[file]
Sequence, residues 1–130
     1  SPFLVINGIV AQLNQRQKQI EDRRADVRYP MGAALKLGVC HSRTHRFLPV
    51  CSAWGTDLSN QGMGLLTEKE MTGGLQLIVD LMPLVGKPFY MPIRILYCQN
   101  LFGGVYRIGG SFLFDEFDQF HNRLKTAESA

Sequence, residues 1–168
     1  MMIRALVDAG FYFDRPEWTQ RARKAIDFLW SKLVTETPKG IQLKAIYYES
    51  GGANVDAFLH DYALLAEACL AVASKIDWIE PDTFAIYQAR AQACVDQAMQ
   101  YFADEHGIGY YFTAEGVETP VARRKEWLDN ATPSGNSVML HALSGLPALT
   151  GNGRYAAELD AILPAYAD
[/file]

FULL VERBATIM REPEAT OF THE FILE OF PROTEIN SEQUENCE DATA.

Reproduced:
Sequence, residues 1–130
     1  SPFLVINGIV AQLNQRQKQI EDRRADVRYP MGAALKLGVC HSRTHRFLPV
    51  CSAWGTDLSN QGMGLLTEKE MTGGLQLIVD LMPLVGKPFY MPIRILYCQN
   101  LFGGVYRIGG SFLFDEFDQF HNRLKTAESA

Sequence, residues 1–168
     1  MMIRALVDAG FYFDRPEWTQ RARKAIDFLW SKLVTETPKG IQLKAIYYES
    51  GGANVDAFLH DYALLAEACL AVASKIDWIE PDTFAIYQAR AQACVDQAMQ
   101  YFADEHGIGY YFTAEGVETP VARRKEWLDN ATPSGNSVML HALSGLPALT
   151  GNGRYAAELD AILPAYAD